Hope, evaluation two constants for OSU

COLUMBUS – Urban Meyer’s answer to the first question in his weekly press conference on Monday could have applied to Ohio State’s football season as a whole as well as to the question that was asked.

When asked if Nick Bosa will play again this season, Meyer said, “I’m hoping.” When there was a follow-up question wondering if he was optimistic OSU’s best defensive player would get on the field, he said, “Hoping.”

Seven games into the season, Ohio State is undefeated, ranked No. 2 in the country and controls its Big Ten and College Football Playoff destiny about as much as it possibly can.

But even with that, Ohio State is still hoping. Hoping that a defense that has been too susceptible to big plays and a sluggish running game can be fixed before those things take the air out of some big dreams.

Ohio State’s defense has allowed 32 plays of 20 yards or more in six games – 20 on passes and 12 on running plays. Its running game has averaged 122 yards and 2.9 yards a carrying in its last three games.

“There’s a constant evaluation of that and it’s ever changing with personnel when guys get dinged up and hurt,” Meyer said when asked about the possibility of changing defensive schemes or players. “That’s what we do all day – constant evaluation.”

Purdue (3-3, 2-1 Big Ten) appears to be a team that can present a big challenge to OSU’s defense in a prime time match-up against the Buckeyes on Saturday night in West Lafayette, Ind. The Boilermakers average 510 yards a game on offense and quarterback David Blough has averaged 310 yards a game passing since he became the starter in the second game of the season.

Purdue started the season with losses to Northwestern, Eastern Michigan and Missouri, but has beaten Boston College 30-13, Nebraska 42-28 and Illinois 46-7 since then.

Predictably, Purdue coach Jeff Brohm said only good things about OSU during his weekly press conference on Monday.

“I think when you look at the college football landscape there are two teams that stand out as being elite and that’s Alabama and Ohio State, and rightfully so,” he said. “They’ve had a couple games that were a little close and these guys just know how to win. They know how to find a way to win.”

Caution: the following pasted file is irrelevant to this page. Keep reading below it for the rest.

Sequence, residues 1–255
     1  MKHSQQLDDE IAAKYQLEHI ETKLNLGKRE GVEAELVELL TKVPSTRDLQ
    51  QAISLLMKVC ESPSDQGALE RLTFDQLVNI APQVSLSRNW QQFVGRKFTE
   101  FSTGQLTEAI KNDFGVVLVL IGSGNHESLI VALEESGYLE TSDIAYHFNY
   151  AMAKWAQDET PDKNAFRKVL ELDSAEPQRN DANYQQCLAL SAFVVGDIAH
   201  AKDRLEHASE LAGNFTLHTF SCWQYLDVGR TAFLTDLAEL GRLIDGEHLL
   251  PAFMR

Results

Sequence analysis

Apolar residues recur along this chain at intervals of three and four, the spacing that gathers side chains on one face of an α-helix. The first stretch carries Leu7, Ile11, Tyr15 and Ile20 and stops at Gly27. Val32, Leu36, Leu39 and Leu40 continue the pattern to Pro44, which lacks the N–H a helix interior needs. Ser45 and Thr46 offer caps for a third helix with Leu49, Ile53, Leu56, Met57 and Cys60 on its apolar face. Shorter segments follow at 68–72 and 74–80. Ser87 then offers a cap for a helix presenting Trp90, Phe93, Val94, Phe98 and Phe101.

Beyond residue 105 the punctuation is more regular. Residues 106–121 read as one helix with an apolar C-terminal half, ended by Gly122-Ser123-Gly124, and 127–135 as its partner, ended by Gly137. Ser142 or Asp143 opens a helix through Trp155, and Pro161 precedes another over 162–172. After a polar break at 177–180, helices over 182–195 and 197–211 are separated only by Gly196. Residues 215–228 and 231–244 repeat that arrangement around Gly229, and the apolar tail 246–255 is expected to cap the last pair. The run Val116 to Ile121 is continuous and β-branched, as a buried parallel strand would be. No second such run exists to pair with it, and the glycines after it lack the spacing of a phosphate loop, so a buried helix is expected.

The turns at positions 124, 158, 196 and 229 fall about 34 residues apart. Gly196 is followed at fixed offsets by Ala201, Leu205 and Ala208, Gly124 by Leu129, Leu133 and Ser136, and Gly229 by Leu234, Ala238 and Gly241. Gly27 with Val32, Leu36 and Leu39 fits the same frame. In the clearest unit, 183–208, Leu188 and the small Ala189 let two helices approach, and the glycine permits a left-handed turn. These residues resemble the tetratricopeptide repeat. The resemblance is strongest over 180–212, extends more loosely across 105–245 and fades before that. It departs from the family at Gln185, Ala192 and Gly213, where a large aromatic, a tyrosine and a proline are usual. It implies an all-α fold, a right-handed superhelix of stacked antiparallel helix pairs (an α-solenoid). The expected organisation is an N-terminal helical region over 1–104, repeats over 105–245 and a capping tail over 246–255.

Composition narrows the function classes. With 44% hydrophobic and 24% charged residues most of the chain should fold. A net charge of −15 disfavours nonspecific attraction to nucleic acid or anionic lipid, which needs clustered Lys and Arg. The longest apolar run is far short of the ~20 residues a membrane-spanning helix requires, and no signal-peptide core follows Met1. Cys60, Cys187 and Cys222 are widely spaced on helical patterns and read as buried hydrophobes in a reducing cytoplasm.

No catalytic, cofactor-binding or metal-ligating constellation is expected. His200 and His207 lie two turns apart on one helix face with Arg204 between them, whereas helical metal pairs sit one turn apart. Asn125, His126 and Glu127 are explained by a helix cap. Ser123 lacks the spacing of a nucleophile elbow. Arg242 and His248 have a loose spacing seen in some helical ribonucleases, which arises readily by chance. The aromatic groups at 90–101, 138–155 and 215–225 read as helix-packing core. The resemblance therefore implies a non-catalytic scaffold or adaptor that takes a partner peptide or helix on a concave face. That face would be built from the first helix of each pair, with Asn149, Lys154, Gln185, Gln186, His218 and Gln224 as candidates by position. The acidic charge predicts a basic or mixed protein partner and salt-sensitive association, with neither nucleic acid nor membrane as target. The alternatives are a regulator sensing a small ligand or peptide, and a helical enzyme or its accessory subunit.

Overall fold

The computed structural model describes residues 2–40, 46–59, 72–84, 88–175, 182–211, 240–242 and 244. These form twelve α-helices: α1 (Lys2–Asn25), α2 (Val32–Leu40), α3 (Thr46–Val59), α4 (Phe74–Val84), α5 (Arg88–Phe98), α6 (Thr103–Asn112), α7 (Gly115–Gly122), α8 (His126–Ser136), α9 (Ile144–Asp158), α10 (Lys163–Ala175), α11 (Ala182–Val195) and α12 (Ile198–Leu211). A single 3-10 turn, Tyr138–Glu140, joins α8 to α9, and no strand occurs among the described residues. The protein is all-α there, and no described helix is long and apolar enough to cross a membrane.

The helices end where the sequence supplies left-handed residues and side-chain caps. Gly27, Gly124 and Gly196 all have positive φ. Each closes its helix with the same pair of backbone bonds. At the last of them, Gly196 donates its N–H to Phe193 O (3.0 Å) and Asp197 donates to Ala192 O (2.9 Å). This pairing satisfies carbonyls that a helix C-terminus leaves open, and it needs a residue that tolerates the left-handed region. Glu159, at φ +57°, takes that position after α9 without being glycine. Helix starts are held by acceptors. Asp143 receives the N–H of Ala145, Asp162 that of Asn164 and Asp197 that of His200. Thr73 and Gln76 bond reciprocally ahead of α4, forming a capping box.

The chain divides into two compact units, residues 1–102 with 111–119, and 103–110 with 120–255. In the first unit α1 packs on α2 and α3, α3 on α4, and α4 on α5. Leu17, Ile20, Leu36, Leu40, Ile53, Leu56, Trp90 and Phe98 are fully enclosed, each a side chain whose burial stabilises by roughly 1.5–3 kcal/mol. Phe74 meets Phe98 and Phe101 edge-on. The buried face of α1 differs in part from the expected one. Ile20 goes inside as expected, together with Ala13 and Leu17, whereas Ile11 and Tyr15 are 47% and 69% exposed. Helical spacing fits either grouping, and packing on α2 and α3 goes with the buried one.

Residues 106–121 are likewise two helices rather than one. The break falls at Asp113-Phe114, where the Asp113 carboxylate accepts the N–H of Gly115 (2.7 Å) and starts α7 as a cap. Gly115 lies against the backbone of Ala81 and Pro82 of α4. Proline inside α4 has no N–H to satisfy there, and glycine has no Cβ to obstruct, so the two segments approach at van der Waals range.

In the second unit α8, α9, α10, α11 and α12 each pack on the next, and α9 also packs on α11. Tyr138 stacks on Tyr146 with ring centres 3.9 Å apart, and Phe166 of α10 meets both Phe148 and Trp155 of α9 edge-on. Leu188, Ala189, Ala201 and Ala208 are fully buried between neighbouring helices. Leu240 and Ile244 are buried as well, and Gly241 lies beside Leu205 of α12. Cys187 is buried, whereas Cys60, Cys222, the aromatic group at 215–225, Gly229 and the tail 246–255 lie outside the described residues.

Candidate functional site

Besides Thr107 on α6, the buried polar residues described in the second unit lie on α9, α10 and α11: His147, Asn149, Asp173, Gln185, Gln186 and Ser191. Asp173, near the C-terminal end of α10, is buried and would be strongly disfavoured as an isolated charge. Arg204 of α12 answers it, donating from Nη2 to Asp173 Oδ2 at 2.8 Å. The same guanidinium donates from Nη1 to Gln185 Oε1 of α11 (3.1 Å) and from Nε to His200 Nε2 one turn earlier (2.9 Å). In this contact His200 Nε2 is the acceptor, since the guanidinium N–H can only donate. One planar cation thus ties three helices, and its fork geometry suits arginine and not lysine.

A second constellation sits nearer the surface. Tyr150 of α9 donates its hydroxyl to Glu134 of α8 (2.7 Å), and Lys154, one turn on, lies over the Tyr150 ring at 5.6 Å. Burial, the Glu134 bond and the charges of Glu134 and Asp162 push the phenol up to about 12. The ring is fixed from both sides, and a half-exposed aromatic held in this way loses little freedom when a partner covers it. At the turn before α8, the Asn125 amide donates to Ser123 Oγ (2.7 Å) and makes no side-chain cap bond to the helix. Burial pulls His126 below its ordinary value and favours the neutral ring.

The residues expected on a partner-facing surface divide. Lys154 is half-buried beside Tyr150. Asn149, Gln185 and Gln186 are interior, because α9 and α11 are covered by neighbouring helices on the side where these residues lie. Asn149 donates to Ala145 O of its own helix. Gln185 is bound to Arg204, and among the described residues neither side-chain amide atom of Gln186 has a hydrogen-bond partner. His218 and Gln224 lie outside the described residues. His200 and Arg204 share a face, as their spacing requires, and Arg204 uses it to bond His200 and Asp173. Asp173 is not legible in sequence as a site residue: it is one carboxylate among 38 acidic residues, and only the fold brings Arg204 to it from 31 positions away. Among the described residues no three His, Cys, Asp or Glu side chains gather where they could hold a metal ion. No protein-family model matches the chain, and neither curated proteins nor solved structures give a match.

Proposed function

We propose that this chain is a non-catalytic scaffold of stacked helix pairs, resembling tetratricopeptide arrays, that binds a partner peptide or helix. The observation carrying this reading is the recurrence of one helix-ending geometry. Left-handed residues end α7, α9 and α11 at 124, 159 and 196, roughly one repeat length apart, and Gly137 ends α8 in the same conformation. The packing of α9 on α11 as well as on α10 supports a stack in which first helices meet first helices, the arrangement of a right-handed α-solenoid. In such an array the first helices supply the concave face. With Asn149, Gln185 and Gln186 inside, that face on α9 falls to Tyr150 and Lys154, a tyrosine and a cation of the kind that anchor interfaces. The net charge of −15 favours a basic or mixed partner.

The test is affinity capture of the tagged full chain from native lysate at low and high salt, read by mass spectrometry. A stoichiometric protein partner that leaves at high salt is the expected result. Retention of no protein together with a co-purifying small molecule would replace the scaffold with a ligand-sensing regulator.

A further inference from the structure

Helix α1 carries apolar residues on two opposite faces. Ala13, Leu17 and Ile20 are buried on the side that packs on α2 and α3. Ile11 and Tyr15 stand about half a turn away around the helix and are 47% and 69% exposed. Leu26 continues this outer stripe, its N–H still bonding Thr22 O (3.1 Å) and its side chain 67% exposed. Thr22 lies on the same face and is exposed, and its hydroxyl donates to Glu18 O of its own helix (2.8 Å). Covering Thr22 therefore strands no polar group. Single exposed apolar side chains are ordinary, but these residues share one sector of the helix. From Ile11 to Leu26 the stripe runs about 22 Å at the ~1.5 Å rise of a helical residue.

Linebacker Malik Harrison and defensive end Jonathan Cooper will be available to play on Saturday. Both missed last Saturday’s game against Minnesota because of concussions.

Defensive lineman Robert Landers is “probable” and cornerback Damon Arnette is “questionable,” Meyer said. Offensive lineman Thayer Munford is “probable.”

KICKERS COMPETING?: Sophomore kicker Blake Haubeil went 3 for 3 on field goals, including hitting a 47-yarder against Minnesota when No. 1 kicker Sean Nuernberger strained a muscle during pre-game warm-ups.

Could that success by Haubeil in his first three field goal attempts in college mean there is a competition between him and Nuernberger for the starting kicker’s job?

“Blake came in and really hammered the ball and did a good job,” Meyer said. The OSU coach said he did not know how close to healthy Nuerberger is. “It’s open for discussion. He (Haubeil) was pretty good. It’s a competition every day.”

BACKS NEED THE BALL: Ohio State has averaged 122 yards rushing and 2.9 yards per carry in its last three games while the passing game has carried the offense.

“We have two very good tailbacks (J.K. Dobbins and Mike Weber) and we’re making a concerted effort to get the ball in their hands and let them run,” Meyer said.

JORDAN ADJUSTS AT CENTER: Michael Jordan’s move from guard to center this season has gone well, Meyer said.

“He’s done a pretty good job. He’s a very serious guy, a very good player and actually is having a very good year,” he said.

PLAYERS OF THE GAME: Wide receiver K.J. Hill, who caught 9 passes for 187 yards and two touchdowns, was Ohio State’s Offensive Player of the Game against Minnesota and safety Jordan Fuller, who had 13 tackles, was the Defensive Player of the Game.

By Jim Naveau

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